Reeves, Inc. v. Stake
Annotate this Case
447 U.S. 429 (1980)
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U.S. Supreme Court
Reeves, Inc. v. Stake, 447 U.S. 429 (1980)
Reeves, Inc. v. Stake
Argued April 16, 1980
Decided June 19, 1980
447 U.S. 429
For more than 50 years, South Dakota has operated a cement plant that produced cement for both state residents and out-of-state buyers. In 1978, because of a cement shortage, the State Cement Commission announced a policy to confine the sale of cement by the state plant to residents of the State. This policy forced petitioner ready-mix concrete distributor, one of the out-of-state buyers, to cut its production severely. Petitioner then brought suit in Federal District Court, challenging the policy. The court granted injunctive relief on the ground that the policy violated the Commerce Clause. The Court of Appeals reversed on the ground that the State had simply acted in a proprietary capacity.
Held: South Dakota's resident-preference program for the sale of cement does not violate the Commerce Clause. Pp. 447 U. S. 434-447.
(a) "Nothing in the purposes animating the Commerce Clause prohibits a State, in the absence of congressional action, from participating in the market and exercising the right to favor its own citizens over others." Hughes v. Alexandria Scrap Corp., 426 U. S. 794, 426 U. S. 810. Pp. 447 U. S. 434-436.
(b) The Commerce Clause responds principally to state taxes and regulatory measures impeding free private trade in the national marketplace, and there is no indication of a constitutional plan to limit the ability of the States themselves to operate freely in the free market. Restraint in this area is also counseled by considerations of state sovereignty, each State's role as guardian and trustee for its people, and the recognized right of a trader to exercise discretion as to the parties with whom he will deal. Moreover, state proprietary activities often are burdened with the same restrictions as private market participants. And, as this case illustrates, the competing considerations in cases involving state proprietary action often will be subtle, complex, politically charged, and difficult to assess under traditional Commerce Clause analysis. Given these factors, the adjustment of interests in this context is, as a rule, better suited for Congress than this Court. Pp. 447 U. S. 436-439.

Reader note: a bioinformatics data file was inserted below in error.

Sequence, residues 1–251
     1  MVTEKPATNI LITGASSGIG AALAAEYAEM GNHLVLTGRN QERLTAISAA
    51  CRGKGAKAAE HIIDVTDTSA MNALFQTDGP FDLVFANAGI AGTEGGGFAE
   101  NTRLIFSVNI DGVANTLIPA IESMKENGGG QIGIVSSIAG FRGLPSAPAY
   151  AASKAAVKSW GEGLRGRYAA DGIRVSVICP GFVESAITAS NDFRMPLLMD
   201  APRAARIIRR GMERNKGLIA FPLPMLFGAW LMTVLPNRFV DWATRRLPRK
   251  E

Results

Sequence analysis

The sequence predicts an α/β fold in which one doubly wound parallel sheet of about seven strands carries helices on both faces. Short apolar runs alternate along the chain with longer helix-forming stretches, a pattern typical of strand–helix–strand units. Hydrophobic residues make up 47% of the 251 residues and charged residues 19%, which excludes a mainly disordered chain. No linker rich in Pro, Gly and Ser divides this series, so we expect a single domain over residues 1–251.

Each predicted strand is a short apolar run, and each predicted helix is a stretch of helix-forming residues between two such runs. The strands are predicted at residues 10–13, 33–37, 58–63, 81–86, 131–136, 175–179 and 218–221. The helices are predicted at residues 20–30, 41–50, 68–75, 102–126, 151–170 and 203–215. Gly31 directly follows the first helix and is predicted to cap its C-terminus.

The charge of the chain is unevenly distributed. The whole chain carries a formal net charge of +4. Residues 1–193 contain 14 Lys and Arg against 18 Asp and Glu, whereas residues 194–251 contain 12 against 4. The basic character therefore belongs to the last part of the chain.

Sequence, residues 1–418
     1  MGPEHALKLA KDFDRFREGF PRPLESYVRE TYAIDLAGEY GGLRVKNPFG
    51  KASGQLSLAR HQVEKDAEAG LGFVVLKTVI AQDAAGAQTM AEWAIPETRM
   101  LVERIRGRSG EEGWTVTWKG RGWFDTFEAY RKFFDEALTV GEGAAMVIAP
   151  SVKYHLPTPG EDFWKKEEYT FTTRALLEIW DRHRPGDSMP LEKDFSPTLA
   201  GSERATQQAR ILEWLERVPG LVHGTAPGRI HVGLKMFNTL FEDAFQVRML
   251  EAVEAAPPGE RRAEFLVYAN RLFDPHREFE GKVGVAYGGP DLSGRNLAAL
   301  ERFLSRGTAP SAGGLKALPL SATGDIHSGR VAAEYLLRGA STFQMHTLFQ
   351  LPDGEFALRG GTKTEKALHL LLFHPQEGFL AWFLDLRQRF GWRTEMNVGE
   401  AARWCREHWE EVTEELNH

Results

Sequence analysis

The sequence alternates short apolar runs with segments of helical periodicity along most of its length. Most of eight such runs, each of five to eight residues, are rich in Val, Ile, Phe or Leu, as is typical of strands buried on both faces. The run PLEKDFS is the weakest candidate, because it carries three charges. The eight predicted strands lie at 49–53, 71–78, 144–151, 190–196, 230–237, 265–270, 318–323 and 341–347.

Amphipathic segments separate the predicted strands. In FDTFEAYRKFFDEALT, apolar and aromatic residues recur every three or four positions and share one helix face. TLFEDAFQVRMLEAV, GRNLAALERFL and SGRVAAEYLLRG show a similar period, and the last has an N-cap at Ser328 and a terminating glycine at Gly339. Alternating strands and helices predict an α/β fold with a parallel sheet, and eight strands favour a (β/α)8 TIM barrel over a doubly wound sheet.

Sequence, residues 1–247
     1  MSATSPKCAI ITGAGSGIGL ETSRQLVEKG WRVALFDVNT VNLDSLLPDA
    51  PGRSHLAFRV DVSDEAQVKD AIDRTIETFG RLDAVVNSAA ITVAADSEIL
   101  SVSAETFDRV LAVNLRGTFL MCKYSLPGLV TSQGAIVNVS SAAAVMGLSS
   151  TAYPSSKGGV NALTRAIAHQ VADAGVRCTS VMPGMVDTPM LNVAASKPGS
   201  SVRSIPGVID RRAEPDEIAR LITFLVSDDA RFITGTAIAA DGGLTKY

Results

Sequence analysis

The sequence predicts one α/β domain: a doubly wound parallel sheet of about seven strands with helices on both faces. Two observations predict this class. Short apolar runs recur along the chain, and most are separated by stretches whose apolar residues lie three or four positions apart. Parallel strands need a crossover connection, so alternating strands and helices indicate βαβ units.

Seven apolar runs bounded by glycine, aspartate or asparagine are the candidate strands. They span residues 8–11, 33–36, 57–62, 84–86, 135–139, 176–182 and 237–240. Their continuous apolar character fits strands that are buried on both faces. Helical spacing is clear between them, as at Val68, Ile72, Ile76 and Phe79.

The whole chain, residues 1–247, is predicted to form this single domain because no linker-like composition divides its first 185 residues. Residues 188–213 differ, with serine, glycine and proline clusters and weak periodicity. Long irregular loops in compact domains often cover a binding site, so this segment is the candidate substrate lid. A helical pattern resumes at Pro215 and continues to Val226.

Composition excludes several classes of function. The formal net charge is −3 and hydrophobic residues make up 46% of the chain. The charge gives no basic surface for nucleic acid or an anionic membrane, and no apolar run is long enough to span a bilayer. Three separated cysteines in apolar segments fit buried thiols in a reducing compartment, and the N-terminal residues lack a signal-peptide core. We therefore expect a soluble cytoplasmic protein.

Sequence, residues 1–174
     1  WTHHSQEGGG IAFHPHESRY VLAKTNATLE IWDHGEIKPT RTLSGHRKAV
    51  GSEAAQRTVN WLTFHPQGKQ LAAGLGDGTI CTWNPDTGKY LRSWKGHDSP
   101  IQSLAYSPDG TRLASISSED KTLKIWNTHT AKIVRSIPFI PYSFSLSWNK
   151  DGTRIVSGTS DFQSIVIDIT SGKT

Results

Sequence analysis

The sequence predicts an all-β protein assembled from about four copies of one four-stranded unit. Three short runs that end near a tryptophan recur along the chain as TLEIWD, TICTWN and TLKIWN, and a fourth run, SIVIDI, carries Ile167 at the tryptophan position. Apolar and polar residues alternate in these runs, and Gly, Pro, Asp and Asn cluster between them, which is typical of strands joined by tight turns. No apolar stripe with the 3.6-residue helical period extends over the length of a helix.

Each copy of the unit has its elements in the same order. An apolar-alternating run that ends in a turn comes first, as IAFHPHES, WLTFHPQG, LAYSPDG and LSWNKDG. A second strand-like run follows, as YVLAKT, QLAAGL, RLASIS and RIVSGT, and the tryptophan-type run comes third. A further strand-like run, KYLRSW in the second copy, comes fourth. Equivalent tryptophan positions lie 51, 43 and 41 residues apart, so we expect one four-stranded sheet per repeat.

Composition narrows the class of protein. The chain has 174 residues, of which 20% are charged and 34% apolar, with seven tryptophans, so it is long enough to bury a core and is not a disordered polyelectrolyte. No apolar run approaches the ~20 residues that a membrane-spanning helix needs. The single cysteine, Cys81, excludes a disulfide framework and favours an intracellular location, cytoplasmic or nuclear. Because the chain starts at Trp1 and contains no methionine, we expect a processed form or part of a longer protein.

(c) The arguments for invalidating South Dakota's resident-preference program -- that the State, having long exploited the interstate market for cement, should not be permitted to withdraw from it when a shortage
arises; that the program responds solely to the nongovernmental objective of protectionism; that hoarding may have undesirable consequences; that the program places South Dakota suppliers of ready-mix concrete at a competitive advantage in the out-of-state market; and that, if South Dakota had not acted, free market forces would have generated an appropriate level of supply at free market prices for all buyers in the region -- are weak, at best. Whatever residual force inheres in them is more than offset by countervailing considerations of policy and fairness. To invalidate the program would discourage similar state projects and rob South Dakota of the intended benefit of its foresight, risk, and industry. Pp. 447 U. S. 440-447.
603 F.2d 736, affirmed.
BLACKMUN, J., delivered the opinion of the Court, in which BURGER, C.J. . and STEWART, MARSHALL, and REHNQUIST, JJ., joined. POWELL, J., filed dissenting opinion, in which BRENNAN, WHITE, and STEVENS, JJ., joined, post, p. 447 U. S. 447.